• “You can’t do back-tests for that. In a dynamic world you can’t rely on back testing. With greenhouse gas emissions there has been a huge factor at play, but people only started taking notice of about three years ago.”

    With respect to the Allspring client base around the world, he says the most important thing is to have a philosophical alignment between the client and the investment manager. He believes that because Allspring does not have a house view on particular factors or styles, that is an advantage in discussions with client funds.

    As an aside on the subject of the moment – Russia – Wall Street is looking at ways to provide relief for foreign investors needing to trade their holdings through the development of a secondary market for shares.

    On wars in general, de Silva sounds a cautionary note, from those who have observed only a short-term fall in markets before a spending-related upturn. Even quants, he said, often made the mistake of examining the longer-term impact on markets from the victors’ perspective, especially that of the US.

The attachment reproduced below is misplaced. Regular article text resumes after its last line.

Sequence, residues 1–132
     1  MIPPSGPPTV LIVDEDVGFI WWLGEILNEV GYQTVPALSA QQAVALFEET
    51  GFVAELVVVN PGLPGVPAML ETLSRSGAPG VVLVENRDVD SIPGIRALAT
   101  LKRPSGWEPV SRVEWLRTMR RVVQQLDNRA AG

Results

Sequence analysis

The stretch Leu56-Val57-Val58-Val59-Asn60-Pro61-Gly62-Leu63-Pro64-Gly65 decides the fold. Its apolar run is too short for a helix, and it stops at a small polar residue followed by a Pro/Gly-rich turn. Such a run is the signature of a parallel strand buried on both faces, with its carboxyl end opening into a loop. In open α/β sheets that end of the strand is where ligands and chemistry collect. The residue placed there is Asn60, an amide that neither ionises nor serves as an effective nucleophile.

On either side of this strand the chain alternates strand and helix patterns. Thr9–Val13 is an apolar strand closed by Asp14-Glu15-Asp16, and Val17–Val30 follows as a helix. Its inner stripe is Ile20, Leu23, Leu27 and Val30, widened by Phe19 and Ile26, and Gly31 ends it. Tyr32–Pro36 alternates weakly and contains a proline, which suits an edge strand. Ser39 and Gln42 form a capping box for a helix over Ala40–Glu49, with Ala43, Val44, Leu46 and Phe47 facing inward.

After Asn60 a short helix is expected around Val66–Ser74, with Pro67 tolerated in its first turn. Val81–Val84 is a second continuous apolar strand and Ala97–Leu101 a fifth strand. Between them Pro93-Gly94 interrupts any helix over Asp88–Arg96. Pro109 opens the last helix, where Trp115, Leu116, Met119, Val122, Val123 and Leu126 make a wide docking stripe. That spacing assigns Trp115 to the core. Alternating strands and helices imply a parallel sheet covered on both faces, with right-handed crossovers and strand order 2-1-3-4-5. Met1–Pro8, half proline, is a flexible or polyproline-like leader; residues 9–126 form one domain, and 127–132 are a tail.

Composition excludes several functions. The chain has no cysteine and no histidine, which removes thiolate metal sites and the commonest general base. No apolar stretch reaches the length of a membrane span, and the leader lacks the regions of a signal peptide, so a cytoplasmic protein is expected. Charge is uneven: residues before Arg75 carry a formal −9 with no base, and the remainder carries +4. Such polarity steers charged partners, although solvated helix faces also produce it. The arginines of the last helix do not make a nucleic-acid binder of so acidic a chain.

With Russia, in which many investors are looking to exit completely, he points out that finding assets which people have dumped because of lack of liquidity could be a very successful strategy. “They are still real assets. Nickel is still valuable,” he said, without making a moral judgement call on the situation.

    Visiting Australia with de Silva was Martha Delgado, a frequent visitor who has been looking after clients across the region for more than 10 years.

    Their visit marked the first since the firm opened an Australian office this year under Andy Sowerby, who is managing director for Asia Pacific, based in Melbourne. He said that several other thought leader visits were planned to take place over the course of the year.

    Andy Sowerby

    Sowerby pointed out that, as a group, with nearly US$600 billion under management, Allspring is a big believer in active management, be it fundamental or systematically driven.

    “We don’t have a house view, as Harin says. What we offer is a diversity of thought and investment capabilities that we can then tailor, in partnership with our clients, to meet specific goals,” he says.

    “At the end of the day, it always comes down to the client’s return objective, their risk budget, the price and, importantly, the philosophical alignment.”

    Allspring’s new-found independence, with more than 20 per cent now owned by current staff, along with a firm commitment to develop its international business, are further advantages, he says.